If you are employed at a warehouse and lately have been harassed by one of your fellow workers and now dread going to work each day, due to the constant threats and glaring looks thrown to you by your peer, you do not have to deal with this behavior and can remedy the situation so that you are able to work without any hindrances affecting your productivity level. Try the suggestions that follow to help you with this matter.
Speak To Your Employer In Confidence
If you would like to keep the matter out of the limelight and would feel more comfortable about talking about it when none of your peers are present, ask your employer if you could speak to them in confidence after everyone else has left for the day.
During the meeting, speak openly to your boss about what has been going on. Include details that pertain to each event, such as if any words were exchanged prior to the altercation, the location inside of the business where each incident occurred, and if the other person has caused you to believe that they may harm you at some point. Your employer will likely look into matters immediately and may wind up reprimanding the other person or terminating them.
Request A Mediation Meeting
If you believe that there is an underlying issue as to why the other person is treating you bad and think that it may not be due to you or how you act, but the fact that your fellow worker is having problems outside of the workplace, perhaps a mediation meeting can resolve the conflict and help the other person realize their wrongdoings so that they make changes in how they treat you.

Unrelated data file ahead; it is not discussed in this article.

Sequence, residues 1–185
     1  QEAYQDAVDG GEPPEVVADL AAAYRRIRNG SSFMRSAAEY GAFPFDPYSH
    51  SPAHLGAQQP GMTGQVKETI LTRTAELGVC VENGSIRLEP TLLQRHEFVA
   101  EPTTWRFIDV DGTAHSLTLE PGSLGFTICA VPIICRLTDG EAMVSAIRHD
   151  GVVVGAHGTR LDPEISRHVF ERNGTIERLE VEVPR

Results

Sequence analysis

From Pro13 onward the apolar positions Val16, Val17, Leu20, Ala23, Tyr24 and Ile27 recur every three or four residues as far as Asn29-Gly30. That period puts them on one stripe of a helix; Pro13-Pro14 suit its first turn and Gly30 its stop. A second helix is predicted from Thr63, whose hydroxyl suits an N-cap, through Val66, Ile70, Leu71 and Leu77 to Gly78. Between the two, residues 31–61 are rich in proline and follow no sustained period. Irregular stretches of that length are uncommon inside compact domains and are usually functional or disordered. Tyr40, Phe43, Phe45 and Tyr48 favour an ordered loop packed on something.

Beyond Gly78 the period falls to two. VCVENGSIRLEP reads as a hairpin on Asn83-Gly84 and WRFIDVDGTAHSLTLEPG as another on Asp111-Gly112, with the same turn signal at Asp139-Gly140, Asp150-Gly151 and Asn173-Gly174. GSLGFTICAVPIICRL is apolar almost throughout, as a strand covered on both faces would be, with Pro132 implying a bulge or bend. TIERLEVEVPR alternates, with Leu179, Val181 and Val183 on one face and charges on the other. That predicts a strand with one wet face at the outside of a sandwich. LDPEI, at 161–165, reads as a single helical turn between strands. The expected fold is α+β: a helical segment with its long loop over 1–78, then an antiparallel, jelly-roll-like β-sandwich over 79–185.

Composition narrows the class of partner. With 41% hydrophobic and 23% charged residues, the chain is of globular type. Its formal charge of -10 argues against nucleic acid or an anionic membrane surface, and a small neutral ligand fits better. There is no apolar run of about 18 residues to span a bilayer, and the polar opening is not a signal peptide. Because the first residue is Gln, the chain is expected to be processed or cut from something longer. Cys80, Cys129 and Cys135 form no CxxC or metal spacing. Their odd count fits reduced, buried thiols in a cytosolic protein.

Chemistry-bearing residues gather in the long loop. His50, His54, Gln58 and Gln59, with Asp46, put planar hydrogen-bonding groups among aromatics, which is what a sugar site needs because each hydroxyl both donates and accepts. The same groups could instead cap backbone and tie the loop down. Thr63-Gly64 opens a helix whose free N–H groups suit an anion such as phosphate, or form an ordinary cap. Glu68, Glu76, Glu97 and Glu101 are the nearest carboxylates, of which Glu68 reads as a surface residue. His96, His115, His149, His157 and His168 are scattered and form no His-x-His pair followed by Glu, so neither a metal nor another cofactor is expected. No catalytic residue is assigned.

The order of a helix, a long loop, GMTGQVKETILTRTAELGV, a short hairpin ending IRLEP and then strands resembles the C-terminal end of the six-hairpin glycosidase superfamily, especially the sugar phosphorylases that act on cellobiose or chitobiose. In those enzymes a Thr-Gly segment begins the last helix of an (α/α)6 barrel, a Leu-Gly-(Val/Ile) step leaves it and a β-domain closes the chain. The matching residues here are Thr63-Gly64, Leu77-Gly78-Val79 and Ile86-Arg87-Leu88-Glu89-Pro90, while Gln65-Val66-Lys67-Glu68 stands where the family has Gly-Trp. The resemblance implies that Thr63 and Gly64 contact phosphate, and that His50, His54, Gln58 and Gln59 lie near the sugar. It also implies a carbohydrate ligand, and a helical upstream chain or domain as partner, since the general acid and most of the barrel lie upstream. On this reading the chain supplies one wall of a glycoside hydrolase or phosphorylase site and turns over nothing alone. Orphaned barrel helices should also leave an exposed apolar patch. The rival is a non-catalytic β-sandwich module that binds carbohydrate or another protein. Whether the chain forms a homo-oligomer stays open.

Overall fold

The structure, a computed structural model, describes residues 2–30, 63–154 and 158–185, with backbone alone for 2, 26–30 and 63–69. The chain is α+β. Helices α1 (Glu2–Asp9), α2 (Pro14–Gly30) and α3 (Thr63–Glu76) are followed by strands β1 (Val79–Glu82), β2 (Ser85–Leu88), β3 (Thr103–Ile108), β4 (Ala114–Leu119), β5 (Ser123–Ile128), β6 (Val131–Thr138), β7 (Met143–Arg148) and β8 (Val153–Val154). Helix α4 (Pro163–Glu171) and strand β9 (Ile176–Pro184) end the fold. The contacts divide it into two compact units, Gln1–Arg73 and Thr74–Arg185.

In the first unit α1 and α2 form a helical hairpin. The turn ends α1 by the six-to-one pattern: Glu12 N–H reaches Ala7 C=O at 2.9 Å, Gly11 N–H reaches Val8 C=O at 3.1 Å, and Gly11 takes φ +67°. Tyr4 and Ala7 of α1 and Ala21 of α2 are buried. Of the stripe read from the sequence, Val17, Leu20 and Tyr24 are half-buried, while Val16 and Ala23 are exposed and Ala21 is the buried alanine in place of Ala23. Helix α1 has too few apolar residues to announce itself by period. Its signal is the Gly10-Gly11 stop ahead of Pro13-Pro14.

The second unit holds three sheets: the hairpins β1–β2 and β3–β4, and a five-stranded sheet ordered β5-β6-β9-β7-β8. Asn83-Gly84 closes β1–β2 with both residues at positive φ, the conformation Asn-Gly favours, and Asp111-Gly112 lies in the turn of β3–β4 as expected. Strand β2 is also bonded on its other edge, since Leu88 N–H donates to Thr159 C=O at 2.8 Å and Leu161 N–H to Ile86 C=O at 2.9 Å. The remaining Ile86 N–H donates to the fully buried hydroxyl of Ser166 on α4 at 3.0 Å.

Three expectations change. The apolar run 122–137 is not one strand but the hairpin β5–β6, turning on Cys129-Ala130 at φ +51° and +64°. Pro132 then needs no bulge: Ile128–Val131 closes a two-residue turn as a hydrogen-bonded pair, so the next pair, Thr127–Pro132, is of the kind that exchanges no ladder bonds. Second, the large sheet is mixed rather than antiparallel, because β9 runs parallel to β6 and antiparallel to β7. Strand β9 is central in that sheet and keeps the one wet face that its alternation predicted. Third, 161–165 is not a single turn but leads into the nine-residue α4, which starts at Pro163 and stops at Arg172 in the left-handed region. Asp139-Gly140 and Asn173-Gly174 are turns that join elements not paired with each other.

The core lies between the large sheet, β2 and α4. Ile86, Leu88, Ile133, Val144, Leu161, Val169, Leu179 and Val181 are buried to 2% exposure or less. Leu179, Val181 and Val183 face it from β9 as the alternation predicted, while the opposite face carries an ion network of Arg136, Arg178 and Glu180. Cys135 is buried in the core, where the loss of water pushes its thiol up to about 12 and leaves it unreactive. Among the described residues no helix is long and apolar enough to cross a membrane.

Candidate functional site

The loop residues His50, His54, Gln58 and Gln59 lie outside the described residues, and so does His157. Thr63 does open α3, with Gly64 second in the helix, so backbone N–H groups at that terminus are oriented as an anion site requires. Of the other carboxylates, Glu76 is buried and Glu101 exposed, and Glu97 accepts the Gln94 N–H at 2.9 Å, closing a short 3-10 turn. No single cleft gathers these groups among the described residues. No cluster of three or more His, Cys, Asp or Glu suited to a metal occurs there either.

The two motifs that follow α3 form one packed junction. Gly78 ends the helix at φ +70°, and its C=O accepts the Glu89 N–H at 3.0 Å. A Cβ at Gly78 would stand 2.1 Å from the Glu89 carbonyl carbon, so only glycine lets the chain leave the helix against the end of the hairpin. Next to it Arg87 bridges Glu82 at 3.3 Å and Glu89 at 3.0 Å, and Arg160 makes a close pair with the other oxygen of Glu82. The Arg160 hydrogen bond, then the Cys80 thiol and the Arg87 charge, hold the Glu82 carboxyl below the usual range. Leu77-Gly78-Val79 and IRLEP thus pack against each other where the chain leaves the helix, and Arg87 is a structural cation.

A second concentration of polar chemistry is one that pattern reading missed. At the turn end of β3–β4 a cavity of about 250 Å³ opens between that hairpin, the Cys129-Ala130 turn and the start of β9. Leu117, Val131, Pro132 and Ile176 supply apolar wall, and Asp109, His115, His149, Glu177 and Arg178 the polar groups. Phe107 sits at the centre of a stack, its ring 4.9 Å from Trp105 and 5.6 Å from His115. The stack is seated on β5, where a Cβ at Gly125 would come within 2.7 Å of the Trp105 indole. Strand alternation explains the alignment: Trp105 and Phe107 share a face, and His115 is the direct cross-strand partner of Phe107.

Ask your boss if it is possible for you and the person who has been bothering you to sit down with them during a mediation meeting. If your employer is agreeable, they can listen to you and the other person and provide feedback that can help diffuse the situation.
Contact An Employment Attorney
If your employer doesn't seem interested in helping you and tends to blow you off whenever you request assistance with the bullying that you have been subjected to, speaking to someone outside of the business who has been trained to resolve issues in the workplace can be helpful. Laws are in place that protect people from discrimination and bullying and guarantee a safe work environment.
Make an appointment with an employment association attorney. Before arriving at your attorney's office, write a summary of what has occurred, including dates and locations of incidents, how your employer responded when you told them there is an issue, and how your work performance has been affected. A lawyer will try to resolve the issue directly and will represent you in court if your employer hasn't been responsive to the workplace changes that your lawyer has proposed to them.